Creature (Kerosene)

When I was a kid, my grandmother would lean over in the car and whisper in a voice louder than the hum of the engine, "Wanna Lifesaver, Bry?" To which I inevitably said, "Yes!" Kids like Lifesavers, especially the Wintergreen ("Wint-O-Green") flavor. They have a uniquely dry, minty sweetness that leaves the inside of your mouth feeling like it's covered in chalk. I know those candies well.

John Pegg's homespun collection offers a woody-aromatic fragrance called Creature, one of the originals in the Kerosene lineup. I had read prior to sampling it that Creature smelled aggressively minty, and expected a Roadster-esque department store mint note that would be passable in anything but an expensive niche fragrance. It turns out I was in for an unpleasant surprise: Creature's mint is none other than Wint-O-Green Lifesavers, back from grandma's pocketbook, with a vengeance. Do you like the smell of Lifesavers? If so, Creature is lurking right up your alley. I happen to prefer the smell on the candy and not on me, thank you very much. After all, this sort of sugared, edible mint smells more like a food flavoring, and not so much like an aroma chemical for serious perfume. Given that good mint fragrances usually aim for the organic-herbal approach to avoid falling into the candy-toothpaste trap, I think it's safe to say that Creature tried to buck the obvious by going for an unabashedly edible "Wintermint." That kind of bravery is laudable, but like most olfactory crapshoots, it falls flat on its face and breaks everyone else's nose in the process. Creature's mint borders on the unwearable after only a few seconds, and unfortunately lasts anywhere from thirty minutes to an hour on skin, and even longer on fabric, which is amazing longevity for a mint note in a fine fragrance.

Things improve a bit within the hour, and subtle wood notes emerge from the plastic bowl of senior-center breath-fresheners. A fairly good birch and cedar accord helps to shed the sugar, and refocuses things onto an outdoorsy structure of woods, patchouli, and herbal tea. This woody sweet-tea vibe hums along for another fifteen minutes, until its constituent notes seem to melt together into an unadorned violet leaf. I also smell hints of something like Hedione, a faint touch of evergreen, and a transparent, IFRA-compliant oakmoss in the base. All arrows are pointing in the same direction: green. Creature is an aromatic green fragrance, very likely a hybrid fougère, with strong chypre elements of floral sweetness and moss. As a lover of green fragrances, I'm tempted to say it all smells very good. Problem is, I can't say that, because it doesn't smell good at all.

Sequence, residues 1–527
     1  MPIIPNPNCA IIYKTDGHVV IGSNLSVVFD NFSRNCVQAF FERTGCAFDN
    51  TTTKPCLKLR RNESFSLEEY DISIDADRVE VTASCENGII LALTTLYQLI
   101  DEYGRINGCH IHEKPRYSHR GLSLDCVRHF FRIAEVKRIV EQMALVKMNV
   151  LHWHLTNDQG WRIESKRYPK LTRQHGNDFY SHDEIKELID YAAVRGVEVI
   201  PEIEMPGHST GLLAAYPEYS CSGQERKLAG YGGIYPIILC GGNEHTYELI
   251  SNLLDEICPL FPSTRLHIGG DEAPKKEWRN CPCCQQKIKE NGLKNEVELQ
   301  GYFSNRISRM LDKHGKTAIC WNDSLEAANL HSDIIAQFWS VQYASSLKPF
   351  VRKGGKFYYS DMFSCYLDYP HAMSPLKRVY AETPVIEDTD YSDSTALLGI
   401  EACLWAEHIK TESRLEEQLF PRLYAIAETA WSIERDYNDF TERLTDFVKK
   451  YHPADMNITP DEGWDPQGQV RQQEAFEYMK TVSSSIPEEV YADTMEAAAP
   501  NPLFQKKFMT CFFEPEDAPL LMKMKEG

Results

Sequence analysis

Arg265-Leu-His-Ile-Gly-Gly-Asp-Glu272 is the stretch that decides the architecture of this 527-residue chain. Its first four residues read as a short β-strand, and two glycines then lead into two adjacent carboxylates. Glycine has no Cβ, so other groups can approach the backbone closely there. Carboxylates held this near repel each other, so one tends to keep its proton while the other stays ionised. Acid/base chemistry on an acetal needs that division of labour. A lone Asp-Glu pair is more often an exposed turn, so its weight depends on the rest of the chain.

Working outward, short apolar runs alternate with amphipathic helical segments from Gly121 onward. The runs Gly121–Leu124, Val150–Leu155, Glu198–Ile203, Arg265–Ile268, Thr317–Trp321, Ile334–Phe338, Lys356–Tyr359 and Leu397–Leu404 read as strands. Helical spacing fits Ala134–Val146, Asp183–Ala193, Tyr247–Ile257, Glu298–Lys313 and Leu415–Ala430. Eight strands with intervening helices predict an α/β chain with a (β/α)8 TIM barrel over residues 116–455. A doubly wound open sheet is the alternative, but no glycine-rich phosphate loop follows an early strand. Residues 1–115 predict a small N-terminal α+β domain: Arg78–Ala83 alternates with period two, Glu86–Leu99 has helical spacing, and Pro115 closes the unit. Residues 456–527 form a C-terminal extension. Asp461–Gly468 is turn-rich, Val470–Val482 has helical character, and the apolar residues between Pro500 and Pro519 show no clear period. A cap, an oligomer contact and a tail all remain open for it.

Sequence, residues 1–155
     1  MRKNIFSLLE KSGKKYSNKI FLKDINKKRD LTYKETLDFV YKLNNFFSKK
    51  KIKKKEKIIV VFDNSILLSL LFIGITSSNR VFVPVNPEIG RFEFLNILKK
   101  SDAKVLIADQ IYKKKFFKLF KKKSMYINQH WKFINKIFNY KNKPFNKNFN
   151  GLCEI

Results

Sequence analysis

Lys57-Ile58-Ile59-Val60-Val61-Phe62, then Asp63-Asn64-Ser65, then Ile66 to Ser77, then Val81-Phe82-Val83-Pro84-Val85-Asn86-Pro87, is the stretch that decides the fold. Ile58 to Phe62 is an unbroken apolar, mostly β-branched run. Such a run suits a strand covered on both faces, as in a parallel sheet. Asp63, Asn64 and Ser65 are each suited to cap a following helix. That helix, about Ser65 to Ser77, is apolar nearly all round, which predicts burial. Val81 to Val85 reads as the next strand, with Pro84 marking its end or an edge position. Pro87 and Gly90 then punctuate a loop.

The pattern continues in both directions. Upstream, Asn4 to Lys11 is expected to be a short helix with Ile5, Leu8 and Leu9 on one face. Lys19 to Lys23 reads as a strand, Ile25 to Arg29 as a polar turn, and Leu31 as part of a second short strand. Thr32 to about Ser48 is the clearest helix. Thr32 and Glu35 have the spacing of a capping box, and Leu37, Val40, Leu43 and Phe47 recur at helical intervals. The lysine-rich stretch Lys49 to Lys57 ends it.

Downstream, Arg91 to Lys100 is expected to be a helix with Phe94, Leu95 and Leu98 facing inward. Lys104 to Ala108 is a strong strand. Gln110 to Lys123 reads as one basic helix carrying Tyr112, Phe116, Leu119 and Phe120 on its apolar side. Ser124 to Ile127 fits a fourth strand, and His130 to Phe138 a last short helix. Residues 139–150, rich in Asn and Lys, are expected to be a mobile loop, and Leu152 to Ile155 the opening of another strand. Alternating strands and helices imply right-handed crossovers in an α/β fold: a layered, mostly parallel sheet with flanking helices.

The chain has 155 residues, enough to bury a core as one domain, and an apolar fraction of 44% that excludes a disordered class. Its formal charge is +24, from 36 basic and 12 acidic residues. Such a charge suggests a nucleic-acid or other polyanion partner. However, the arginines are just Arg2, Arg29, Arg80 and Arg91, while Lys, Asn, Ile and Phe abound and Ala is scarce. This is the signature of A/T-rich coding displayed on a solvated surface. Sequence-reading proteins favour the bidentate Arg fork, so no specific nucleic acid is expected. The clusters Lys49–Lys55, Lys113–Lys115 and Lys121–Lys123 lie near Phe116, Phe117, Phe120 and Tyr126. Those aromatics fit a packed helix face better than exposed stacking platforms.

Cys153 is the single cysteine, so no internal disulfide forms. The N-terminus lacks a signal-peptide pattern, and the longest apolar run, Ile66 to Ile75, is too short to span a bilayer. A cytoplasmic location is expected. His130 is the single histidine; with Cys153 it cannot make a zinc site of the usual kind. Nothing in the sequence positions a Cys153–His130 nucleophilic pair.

It's not that the individual notes smell bad - they don't. It's not that Creature lacks blending, or movement, or compositional finesse - it doesn't. It's not even that Creature smells like something concocted by an amateur. (It does.) It's just that this combination of pleasant notes, positioned in this type of drydown arch, ultimately does not work. The bad top note is one thing, but when the birch and cedar and patchouli notes begin to peek through, they seem to want something solid to hold on to, like perhaps a stonking tobacco note, or a muscular powerhouse accord of patchouli, honey, rose, castoreum, wormwood, and pine. Instead they meekly cling to an equally-meek tea and violet leaf, with just a little smidgen of fir (cypress?) and little else. Also, the Wint-O-Green flavor never entirely fades, casting a stale candy effect across this little marsh. It's pretty disheartening, to say the least.

Nevertheless, the fact that John has managed, with no formal training, to assemble high-quality aroma chemicals that exhibit distinct top, middle, and basenote stages is impressive. What robs his efforts of their luster is the manner in which the Kerosene brand has been marketed. It is featured in GQ Magazine (not really an endorsement for niche), and sells at Min New York, with the scents priced at $140 per 100 ml. This pricing is insane. Independent niche upstarts need to earn trust before they earn that kind of dough. Look at Ineke Ruhland, who launched her line modestly at under $80 a bottle. I guess it's a leap of faith to suppose that John Pegg's fragrances are truly successful works of perfumery, and so far I haven't tried enough of them to say that I've made that leap. I have other Kerosene creations to sample before I can render a fair determination of the line's quality overall, but I'm off to a very rough start.

In regards to Creature, I think it smells like a $40 fragrance at best for the same 100 ml size, and even then it's a tough sell, especially when you can buy rich, aromatic green ferns like Tsar and Jazz for that price without sacrificing ingredient quality. Creature is not a downright terrible fragrance, but I rank it as being among the least successful of the many things I've tried, and I can't help but wonder if it will be exposed not as a glistening beast, but as a shivering, naked little man when the high tide of independent niche perfumery goes out.

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